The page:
As we celebrate our July 4th holiday this week, I invite you to begin the day by joining us for 9am Mass as we give thanks for the great blessing of belonging to this country. This is also an important time for us to pray that God may restore unity to us despite our great diversity. There is no doubt that our country is experiencing a time of great division these days. Regardless of our political affiliation or views, we all need to learn how to engage each other respectfully in conversation. Pope Saint John XXIII, when opened the Second Vatican Council in the early 1960’s, also sensed a great difference of opinion regarding those who took a more liberal or conservative view of the Church. He wrote, “In essentials, unity; in doubtful matters, liberty; in all things, charity.” Good words for us to heed even today.
A note regarding the Sacrament of the Anointing of the Sick: it is a good thing for family members to call when a loved one is seriously ill, requesting that they be anointed. Many hospitals and hospice centers also have a Catholic priest as Chaplain but if they are not available, do not hesi- tate to call us. However the Church would like to accompany such a person at the beginning of their illness instead of anointing them “at the 11th hour” or shortly before they are expected to pass. So I would encourage you to notify us early on when a loved one has become seriously ill so that we may not only anoint them but be present and available to them throughout the course of their illness to offer support, even if their illness is not terminal. When we are called just hours before someone has “made a turn for the worst”, it may not be possible to anoint them if I am away from the parish or some situation keeps me from being able to be present to them immediately. So please do not hesitate to call long before someone reaches that stage. We also have now a Deacon and his wife, besides myself, who are able and willing to visit and bring Holy Communion to those who are in a Hospice situation especially. We want to do whatever we can to minister to those who need us at such a difficult time.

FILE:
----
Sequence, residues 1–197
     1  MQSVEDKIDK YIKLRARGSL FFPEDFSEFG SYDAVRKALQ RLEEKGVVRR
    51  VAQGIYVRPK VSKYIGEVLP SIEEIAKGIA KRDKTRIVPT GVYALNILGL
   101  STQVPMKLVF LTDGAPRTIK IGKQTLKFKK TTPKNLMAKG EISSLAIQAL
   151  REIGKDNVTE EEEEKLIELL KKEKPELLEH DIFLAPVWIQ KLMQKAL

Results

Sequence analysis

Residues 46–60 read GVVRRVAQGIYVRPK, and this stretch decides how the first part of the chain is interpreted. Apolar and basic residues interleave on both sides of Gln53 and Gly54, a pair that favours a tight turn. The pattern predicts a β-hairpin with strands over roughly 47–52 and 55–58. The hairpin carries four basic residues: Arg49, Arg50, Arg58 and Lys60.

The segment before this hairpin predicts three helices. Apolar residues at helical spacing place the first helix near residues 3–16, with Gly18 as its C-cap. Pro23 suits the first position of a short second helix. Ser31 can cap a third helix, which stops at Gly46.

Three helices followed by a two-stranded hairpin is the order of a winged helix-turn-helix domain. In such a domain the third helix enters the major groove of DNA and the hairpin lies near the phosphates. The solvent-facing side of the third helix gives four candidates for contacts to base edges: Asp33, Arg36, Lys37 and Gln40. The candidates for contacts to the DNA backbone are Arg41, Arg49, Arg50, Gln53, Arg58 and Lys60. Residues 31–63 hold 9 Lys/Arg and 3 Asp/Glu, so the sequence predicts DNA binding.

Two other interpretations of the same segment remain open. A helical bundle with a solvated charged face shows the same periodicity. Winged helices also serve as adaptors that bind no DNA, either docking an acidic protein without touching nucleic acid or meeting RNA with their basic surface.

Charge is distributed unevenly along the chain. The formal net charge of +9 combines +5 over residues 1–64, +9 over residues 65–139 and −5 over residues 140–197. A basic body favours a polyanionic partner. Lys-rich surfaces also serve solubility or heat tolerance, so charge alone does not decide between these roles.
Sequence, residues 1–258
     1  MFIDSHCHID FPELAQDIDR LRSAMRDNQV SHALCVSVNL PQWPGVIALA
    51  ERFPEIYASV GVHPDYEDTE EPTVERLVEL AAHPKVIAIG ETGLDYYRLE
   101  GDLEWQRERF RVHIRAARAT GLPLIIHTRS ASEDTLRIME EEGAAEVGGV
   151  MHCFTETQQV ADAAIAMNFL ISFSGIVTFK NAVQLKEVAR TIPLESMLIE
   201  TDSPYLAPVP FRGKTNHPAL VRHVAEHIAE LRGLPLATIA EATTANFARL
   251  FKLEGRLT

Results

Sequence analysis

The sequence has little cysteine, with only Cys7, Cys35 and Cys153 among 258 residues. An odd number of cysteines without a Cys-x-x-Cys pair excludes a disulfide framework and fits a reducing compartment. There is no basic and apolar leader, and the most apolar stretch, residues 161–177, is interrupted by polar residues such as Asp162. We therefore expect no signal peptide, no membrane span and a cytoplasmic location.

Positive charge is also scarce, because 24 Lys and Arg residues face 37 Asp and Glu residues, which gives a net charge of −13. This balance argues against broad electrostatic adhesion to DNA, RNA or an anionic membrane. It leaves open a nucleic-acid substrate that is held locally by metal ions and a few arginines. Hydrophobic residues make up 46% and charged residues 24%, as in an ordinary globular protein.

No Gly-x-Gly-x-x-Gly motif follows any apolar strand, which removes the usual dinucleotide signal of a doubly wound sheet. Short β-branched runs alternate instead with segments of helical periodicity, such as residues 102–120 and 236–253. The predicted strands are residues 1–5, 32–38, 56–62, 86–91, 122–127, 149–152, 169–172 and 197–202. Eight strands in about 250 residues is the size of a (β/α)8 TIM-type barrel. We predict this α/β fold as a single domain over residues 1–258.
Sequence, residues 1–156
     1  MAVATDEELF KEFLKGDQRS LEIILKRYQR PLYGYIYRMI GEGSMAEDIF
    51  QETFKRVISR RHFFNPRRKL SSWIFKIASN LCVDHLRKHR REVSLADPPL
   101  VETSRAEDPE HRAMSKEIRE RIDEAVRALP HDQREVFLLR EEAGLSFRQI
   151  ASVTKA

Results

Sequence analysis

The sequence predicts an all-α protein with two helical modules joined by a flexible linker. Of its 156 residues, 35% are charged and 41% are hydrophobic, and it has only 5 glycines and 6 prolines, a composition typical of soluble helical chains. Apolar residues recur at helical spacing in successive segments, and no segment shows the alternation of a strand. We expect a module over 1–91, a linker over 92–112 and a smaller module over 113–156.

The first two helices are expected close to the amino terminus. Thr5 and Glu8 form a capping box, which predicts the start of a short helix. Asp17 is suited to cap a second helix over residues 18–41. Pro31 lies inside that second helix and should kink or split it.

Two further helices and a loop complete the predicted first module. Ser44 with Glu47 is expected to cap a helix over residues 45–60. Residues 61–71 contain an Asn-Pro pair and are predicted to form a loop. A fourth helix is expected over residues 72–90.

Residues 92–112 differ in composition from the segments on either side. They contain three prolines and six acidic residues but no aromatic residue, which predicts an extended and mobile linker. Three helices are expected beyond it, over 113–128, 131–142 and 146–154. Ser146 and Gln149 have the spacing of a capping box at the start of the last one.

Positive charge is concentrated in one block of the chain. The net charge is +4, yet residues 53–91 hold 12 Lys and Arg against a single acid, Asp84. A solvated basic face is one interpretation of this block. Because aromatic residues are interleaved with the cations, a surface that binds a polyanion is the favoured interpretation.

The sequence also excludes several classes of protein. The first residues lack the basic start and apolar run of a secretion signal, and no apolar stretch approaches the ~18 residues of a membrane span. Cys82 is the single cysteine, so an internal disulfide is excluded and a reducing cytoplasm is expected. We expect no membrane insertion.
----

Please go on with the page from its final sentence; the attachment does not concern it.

Beginning this weekend we will return to the practice of processing toward the altar from the back of the church instead of from the sacristy door. So you’ll hear the bells ring behind you instead of in front of you to signal the beginning of Mass. We will use the “cry room” to prepare for Mass but parents with small children are still welcome to use that space. That room is also used as the “bride’s room” before weddings so it has many purposes. I can also make faces at you from there without you knowing it.